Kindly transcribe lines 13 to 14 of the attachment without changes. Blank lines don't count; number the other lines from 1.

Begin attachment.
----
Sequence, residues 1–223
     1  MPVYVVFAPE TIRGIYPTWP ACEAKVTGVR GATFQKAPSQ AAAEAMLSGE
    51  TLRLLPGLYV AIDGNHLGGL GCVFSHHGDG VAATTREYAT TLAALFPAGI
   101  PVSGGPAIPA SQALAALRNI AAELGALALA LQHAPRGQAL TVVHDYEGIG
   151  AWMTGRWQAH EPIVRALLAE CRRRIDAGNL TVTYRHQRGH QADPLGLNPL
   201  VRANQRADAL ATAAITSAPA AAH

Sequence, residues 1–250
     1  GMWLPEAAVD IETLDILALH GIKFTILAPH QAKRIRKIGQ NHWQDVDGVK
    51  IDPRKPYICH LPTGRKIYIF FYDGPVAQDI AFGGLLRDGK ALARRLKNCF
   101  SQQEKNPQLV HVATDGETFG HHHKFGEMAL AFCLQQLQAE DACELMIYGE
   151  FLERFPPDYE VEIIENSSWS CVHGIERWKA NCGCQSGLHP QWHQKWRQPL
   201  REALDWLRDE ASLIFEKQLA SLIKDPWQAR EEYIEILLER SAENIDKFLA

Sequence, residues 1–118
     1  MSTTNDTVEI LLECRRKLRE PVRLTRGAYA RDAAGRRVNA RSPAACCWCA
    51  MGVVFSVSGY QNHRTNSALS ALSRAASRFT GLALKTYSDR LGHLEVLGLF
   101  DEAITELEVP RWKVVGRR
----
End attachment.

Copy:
Sequence, residues 1–118
     1  MSTTNDTVEI LLECRRKLRE PVRLTRGAYA RDAAGRRVNA RSPAACCWCA